EXCLUSIVE: Rob Williams Walks Judge Dredd Into "Closet"

Wed, January 23rd, 2013 at 9:58am PST

Comic Books
Karl Keily, Contributing Writer

Judge Dredd has gotten himself out a lot of tight spots over the years, but on January 30, the hard-chinned future cop finds himself stuck somewhere he's never been before: the closet. In Rob Williams' "Judge Dredd: Closet," Dredd finds himself investigating a Mega-City One gay fetish club where the fetish is Dredd, himself.

Williams comes fresh off "2000 AD's" critical and sales hit "Trifecta," which he masterminded with co-writers Si Spurrier and Al Ewing. Joining Williams for "Closet" is artist Mike Dowling, best known for penciling "Rex Royd" in Mark Millar's "CLiNT" anthology.

Williams spoke with Comic Book Resources about "Closet," discussing his take on Dredd's sexuality, what you would expect from a first date with Dredd, whether or not he feels the hard line judge makes a good role model and more.

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CBR News: Rob, what's the basic story of "Judge Dredd: Closet?"

EXCLUSIVE: A teaser for 2000 AD's upcoming "Judge Dredd: Closet"

Rob Williams: It's really about a Mega-City One kid named Taylor who we see between the ages of 16-18. He's gay and trying to come to terms with that. Homosexuality isn't illegal in Dredd's city, but angry, blue-collar men like Taylor's father don't deal well with the idea, especially under his roof.

A brutal act takes place, Taylor's father disappears and suddenly this kid is all alone in a world that seems to be firmly telling him to keep who he is hidden so no one gets hurt. Then he finds himself in a Dredd-themed underground gay club, where everyone dresses either as Dredd or as a perp, Dredd being the ultimate symbol of macho, leather-clad repression in this city. It's kind of a Village People deal turned up to 100 in a Mega-City One style. And then the real Dredd arrives.

Is Dredd aware of the cultural impact he's had on Mega-City One?


Not only is he unaware of it, he couldn't care less. Dredd is the law. End of story. He's the most famous, feared Judge in Mega-City One but it doesn't play on his mind one iota.

Has Dredd's sexuality ever come up before? Considering the often hyper-sexualized nature of Mega-City One and its citizenry, you'd imagine it would come up much more often than it has.

Dredd may well be gay, straight or bi. But it's all buried beneath layers upon layers (upon layers). There's a man there, like anyone else, he's not a robot. But Dredd's pure repression. Although, can you imagine what would happen if that repression ever fell away, just for an instant? 

Sure, Dredd could be gay. You can't look at the original costume design of leather and chains and not see a fetishistic edge there. But, as I said before, Dredd's feeling are so deeply hidden, he is extremely unlikely to ever let them show. With Dredd, you only ever get subtle glimpses of the man beneath.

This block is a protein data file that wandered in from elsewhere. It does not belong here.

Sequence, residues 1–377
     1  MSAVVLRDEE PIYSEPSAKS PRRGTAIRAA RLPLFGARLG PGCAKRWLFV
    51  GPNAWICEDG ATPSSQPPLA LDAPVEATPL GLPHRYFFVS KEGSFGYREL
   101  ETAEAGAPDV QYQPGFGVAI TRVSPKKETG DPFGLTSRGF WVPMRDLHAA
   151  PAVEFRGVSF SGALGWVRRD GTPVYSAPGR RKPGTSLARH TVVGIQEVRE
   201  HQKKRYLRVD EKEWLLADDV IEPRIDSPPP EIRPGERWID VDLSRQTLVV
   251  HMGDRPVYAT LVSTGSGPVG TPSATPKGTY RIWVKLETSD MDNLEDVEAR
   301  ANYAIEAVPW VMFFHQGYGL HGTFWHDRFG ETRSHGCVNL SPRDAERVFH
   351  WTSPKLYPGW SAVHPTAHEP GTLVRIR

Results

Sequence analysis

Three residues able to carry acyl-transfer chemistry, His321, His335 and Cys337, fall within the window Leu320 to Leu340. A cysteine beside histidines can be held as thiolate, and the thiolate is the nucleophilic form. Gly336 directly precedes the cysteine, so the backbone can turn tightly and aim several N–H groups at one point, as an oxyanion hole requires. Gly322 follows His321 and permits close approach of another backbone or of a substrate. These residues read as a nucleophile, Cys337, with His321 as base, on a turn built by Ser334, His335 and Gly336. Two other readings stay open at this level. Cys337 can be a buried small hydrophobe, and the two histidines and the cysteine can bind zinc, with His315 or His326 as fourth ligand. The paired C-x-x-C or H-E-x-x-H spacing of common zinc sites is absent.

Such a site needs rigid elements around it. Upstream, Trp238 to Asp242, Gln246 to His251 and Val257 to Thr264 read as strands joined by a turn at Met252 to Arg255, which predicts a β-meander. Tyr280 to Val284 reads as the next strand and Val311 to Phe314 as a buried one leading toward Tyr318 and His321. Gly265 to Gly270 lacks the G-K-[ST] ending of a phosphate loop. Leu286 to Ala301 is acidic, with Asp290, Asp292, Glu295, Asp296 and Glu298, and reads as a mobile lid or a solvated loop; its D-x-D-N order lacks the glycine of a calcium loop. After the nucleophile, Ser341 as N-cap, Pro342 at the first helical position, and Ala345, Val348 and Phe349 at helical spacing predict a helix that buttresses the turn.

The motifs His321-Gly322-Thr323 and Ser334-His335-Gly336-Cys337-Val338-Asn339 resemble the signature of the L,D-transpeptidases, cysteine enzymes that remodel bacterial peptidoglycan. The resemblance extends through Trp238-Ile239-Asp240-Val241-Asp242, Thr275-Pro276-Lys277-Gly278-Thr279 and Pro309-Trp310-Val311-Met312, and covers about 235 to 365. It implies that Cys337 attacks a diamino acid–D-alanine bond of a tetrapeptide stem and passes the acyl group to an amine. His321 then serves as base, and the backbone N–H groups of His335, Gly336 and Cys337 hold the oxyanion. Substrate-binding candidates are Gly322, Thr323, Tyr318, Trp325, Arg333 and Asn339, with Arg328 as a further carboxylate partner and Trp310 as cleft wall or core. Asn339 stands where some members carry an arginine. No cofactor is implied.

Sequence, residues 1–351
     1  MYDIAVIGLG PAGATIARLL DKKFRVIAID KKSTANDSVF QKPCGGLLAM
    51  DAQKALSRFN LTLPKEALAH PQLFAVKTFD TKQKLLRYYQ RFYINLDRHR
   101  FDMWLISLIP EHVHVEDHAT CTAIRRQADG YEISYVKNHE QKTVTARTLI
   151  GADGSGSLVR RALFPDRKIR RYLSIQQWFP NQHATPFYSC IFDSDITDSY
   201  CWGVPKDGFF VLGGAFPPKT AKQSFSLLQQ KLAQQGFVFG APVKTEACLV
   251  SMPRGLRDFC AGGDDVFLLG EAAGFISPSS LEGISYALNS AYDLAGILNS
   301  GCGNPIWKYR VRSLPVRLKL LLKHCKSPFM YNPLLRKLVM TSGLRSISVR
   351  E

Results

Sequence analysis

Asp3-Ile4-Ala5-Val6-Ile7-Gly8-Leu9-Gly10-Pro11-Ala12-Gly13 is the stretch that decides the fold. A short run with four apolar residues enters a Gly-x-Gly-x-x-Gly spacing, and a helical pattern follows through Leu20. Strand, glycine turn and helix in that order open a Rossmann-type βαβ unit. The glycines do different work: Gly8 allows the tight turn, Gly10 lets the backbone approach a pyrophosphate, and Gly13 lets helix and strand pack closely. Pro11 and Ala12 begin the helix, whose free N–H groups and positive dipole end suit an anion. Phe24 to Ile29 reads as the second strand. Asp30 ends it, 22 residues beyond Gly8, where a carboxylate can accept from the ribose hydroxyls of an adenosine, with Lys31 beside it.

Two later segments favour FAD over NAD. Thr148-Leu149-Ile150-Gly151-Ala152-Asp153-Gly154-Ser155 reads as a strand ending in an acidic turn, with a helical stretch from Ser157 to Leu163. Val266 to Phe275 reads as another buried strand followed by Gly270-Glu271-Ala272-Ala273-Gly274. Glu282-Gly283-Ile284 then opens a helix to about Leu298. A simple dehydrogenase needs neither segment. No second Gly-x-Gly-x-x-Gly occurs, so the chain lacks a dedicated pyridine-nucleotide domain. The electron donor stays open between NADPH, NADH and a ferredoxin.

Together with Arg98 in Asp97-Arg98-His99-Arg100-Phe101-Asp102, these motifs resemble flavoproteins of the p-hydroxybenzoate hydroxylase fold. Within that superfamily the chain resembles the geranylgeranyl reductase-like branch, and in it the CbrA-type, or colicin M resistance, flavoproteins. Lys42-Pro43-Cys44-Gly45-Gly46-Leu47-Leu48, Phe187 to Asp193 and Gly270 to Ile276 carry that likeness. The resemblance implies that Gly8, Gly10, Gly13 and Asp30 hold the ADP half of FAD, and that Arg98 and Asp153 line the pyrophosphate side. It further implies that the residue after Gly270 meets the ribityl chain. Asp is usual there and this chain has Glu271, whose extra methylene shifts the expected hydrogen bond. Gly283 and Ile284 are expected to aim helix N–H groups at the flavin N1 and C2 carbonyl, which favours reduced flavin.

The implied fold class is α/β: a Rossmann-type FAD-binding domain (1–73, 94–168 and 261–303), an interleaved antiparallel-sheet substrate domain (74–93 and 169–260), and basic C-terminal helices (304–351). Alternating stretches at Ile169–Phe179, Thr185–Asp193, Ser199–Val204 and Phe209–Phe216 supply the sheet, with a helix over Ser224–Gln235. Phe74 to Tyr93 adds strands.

What do you think Dredd would look for in a potential partner?

Someone who knows and respects the law and who is able to handle a nightstick in a skilled, brutal manner.

How would a first-date with Dredd go?

Possibly a little stilted, initially. But a bit of dinner, bit of dancing -- who knows where it might lead? I'm an optimist at heart.

Lines not to use on a first date with Dredd:

"I'd like to invite you to a party. There's gonna be drinking and dancing, £%$#ing and fighting."

"Who's coming?"

"Just me and you."

Teaser art for "Closet" by Mike Dowling

Is Dredd a good role model?

That depends on your perspective. He's a good role model in terms of discipline, respecting the law, being a good citizen, even in terms of altruism. Sure, he's a fascist, but he's devoted his entire life to protecting and serving the citizens, in his own way. He attempts to save lives constantly. He'll go to any lengths to protect his city. He's stood up for mutant rights in the past. 

His constant use of excessive violence and the fact that he may well be one of the world's greatest ever killers though - that's possibly not role model material. Also, you would be unwise to tell your child: "Go! Be free! Enjoy and experience every thing and every emotion this world has to offer -- like Judge Dredd!" This would be an error.

The shaming and alienation of gay teens is a serious issue in today's society. Is it appropriate for issues like these to be discussed in the context of a comic like "Judge Dredd?"

I don't see why not. For me, they make a story far more interesting than just another "Dredd chases and shoots perp" tale. The initial idea with "Closet" came from wondering if gay culture had ever been dealt with in Mega-City One before and would things have changed in Mega-City One. It probably has been shown in "Dredd," but very rarely, and that's pretty amazing for a 35-year-old comic. As long as you stay true to the character throughout -- which I think "Closet" does -- you can deal with all sorts of issues in a story. And if they push people's buttons, fine. I'd rather a story be provocative than just, "and they have a fight." Plus, putting Dredd in a gay club filled with men dressed as him is a pretty funny image. It's worth it for that alone.

"Judge Dredd: Closet" by Rob Williams and Mike Dowling appears in "2000 AD" prog 1817, on sale in the UK and worldwide digitally through the "2000 AD" app on January 30.

TAGS:  2000 ad, judge dredd, rob williams

 
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